The Supreme Court on Wednesday got more time to think about what it wants to do on women’s access to a widely used abortion drug, with no action probably until Friday.
Justice Samuel A. Alito, Jr., acting in his own name but very likely after consulting with other Justices, delayed until just before midnight this Friday a lower court ruling that would have required that the drug be taken off the market entirely.
Mifepristone, used in combination with another drug, misoprostol, is now the method used for more than half of all abortions performed in the nation. The medication method, repeatedly ruled safe and effective by the federal drug control agency over the past 23 years, is regarded as safer and less expensive than abortion by surgery.
The medication method, though, is only available for use within the first ten weeks of pregnancy – about one fourth of the ordinary term.
On April 7, a federal judge in Amarillo, Texas, ruled that the Food and Drug Administration has been wrong for all of the 23 years in authorizing use of mifepristone. The decision would have made it illegal to make and distribute the drug in any dosage.
That is the ruling that Justice Alito has temporarily blocked twice. He did so last Friday, just hours before the judge’s decision was to go into effect. That order only delayed the judge’s decision until midnight tonight, if no action had been taken.
All nine Justices are no doubt fully aware of what has been filed at the Court, even though Justice Alito has been acting formally alone in his role as the Justice handling emergency pleas in cases that originate in Texas.
It seems likely that one of two developments – and maybe both – are unfolding within the Court. First, Alito may have learned that his colleagues simply want more time to ponder what to do, but, second, it may also be that there have already been some preliminary discussions about what to do because the pressures of time are so obvious.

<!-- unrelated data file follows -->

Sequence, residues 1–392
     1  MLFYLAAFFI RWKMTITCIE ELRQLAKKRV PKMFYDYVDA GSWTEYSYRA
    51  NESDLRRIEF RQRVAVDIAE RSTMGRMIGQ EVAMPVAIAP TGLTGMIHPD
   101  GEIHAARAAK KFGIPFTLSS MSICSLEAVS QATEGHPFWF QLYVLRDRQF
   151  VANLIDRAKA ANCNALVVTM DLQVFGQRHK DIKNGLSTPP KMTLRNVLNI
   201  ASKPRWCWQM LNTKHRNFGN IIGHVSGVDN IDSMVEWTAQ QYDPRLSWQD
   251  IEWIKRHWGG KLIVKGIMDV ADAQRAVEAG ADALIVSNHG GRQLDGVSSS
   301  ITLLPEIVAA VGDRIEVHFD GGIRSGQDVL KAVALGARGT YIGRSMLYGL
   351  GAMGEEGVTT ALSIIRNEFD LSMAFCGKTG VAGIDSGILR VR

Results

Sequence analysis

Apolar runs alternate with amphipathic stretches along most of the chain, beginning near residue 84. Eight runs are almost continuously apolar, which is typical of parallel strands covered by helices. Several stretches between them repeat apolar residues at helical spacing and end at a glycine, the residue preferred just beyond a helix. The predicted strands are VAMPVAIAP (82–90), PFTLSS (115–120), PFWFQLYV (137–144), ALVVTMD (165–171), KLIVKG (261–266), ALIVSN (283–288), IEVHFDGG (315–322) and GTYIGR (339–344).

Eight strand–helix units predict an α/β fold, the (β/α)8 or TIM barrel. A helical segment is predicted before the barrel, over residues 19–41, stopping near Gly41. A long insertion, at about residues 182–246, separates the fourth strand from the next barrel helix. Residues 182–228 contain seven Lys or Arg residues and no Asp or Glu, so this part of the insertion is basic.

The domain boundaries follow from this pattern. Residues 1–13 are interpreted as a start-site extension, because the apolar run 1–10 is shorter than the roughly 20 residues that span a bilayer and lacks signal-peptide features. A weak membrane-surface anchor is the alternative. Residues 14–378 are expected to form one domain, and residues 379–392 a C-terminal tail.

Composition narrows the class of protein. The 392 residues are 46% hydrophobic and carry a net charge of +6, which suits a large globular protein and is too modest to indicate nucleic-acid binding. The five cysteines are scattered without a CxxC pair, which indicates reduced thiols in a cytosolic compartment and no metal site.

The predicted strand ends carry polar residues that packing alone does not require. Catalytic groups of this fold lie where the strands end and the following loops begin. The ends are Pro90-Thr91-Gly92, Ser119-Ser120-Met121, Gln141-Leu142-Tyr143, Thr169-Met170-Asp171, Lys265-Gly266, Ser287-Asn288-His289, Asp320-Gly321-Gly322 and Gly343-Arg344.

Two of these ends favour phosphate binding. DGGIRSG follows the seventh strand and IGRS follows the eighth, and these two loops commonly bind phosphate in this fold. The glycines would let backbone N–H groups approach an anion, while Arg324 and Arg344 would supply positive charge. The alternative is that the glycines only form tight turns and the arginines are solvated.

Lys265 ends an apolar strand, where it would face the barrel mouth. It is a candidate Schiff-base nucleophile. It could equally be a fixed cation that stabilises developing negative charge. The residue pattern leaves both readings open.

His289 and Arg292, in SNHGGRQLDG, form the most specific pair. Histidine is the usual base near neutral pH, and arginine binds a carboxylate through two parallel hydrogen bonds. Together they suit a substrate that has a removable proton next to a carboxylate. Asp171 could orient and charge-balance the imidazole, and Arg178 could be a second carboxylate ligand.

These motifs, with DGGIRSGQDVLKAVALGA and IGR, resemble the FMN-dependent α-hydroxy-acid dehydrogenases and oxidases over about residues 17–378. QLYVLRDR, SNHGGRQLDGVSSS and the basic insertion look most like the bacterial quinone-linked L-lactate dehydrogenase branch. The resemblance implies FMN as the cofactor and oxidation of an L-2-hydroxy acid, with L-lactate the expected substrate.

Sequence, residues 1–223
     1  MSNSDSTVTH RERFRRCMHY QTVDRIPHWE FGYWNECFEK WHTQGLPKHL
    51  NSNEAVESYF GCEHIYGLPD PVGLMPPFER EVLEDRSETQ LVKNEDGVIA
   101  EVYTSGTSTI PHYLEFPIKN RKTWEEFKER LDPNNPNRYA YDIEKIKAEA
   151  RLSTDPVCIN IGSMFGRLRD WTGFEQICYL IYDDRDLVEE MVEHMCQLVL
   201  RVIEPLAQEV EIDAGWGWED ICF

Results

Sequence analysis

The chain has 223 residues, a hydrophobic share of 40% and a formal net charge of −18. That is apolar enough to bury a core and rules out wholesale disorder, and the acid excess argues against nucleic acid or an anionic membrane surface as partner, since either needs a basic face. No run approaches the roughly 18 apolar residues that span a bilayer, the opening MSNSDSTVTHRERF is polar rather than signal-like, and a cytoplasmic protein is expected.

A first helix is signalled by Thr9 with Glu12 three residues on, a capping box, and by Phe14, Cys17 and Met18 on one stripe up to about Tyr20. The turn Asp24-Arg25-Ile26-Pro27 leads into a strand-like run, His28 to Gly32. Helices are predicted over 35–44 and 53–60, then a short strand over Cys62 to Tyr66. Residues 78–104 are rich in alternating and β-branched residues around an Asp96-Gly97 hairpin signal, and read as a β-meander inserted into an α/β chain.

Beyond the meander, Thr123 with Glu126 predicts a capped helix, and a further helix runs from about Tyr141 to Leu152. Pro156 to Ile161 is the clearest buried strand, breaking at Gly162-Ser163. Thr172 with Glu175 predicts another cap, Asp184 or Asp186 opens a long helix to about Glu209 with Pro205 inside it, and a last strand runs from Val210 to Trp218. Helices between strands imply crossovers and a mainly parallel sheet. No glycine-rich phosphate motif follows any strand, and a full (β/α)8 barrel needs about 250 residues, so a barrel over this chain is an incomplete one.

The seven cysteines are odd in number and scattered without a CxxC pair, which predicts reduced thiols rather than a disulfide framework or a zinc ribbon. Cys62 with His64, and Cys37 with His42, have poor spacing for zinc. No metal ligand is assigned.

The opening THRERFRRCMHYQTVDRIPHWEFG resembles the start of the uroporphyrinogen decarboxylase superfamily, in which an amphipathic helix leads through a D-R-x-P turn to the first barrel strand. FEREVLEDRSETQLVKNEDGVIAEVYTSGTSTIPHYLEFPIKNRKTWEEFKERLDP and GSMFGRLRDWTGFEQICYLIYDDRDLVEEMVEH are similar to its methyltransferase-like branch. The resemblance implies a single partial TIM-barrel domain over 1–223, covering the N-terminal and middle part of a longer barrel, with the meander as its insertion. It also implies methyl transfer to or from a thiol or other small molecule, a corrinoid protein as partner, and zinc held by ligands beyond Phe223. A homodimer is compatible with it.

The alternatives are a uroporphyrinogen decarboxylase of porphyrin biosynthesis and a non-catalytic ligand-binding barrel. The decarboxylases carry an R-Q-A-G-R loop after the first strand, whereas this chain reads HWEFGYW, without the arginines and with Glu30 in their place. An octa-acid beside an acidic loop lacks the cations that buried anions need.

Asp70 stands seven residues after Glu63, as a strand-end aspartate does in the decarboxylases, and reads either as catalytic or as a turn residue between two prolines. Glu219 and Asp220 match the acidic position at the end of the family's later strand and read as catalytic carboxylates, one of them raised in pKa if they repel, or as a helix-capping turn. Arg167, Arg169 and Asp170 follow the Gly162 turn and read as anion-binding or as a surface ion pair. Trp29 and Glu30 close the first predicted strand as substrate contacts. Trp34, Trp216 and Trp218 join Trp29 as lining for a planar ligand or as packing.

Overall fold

There is also at least a possibility that the Justices have already cast at least a preliminary vote and more time will be needed for Justices to write opinions. It would be no surprise at all if the Court, when it does act as a group, were to be deeply split on the issue.
The Court’s ruling last June ending the constitutional right for women to end their pregnancies divided the Court three ways, so it is doubtful that unanimity will emerge this time.
While that decision eliminate abortion rights as a constitutional matter, it did not block states that want to keep the procedure available from doing so. It also said nothing about the nationwide availability of an abortion drug that women can use at home to end pregnancy.
Both the Food and Drug Administration and Danco Laboratories, the sole maker of the brand-name version of mifepristone (Mifeprex), have told the Court that chaos and confusion will spread rapidly across the U.S. if mifepristone is banned or even if significantly restricted. Supporting those pleas is the manufacturer of the only generic version now available.
The initial ruling by the Texas judge has been modified by a federal appeals court, but even that court’s decision would make mifepristone much more difficult to obtain and use than is presently the case.
And, if the differing actions of two courts did not mean enough confusion, a third federal judge in Washington State has ordered the FDA to do nothing to change the availability of mifepristone – a ruling that applies only to 17 states and Washington, D.C., because those were the only ones to sue in that case.
As the case has unfolded over the past week at the Supreme Court, the filings have piled up from all sides of the abortion controversy and from much of the nation’s drug-making industry, all seeking to influence how the Justices act on the emergency requests.
The Court has not yet voted to grant review of the underlying question of mifepristone’s legality and the distribution and use regime, but it has the option of doing so and even the option of granting very expedited review and issuing a final decision before recessing for the summer in late June or early July.
Although Alito’s Wednesday delay order runs only until late Friday night, he and the full Court have the authority to issue even more delays, if they have difficulty making up their minds on what to do immediately and in coming weeks.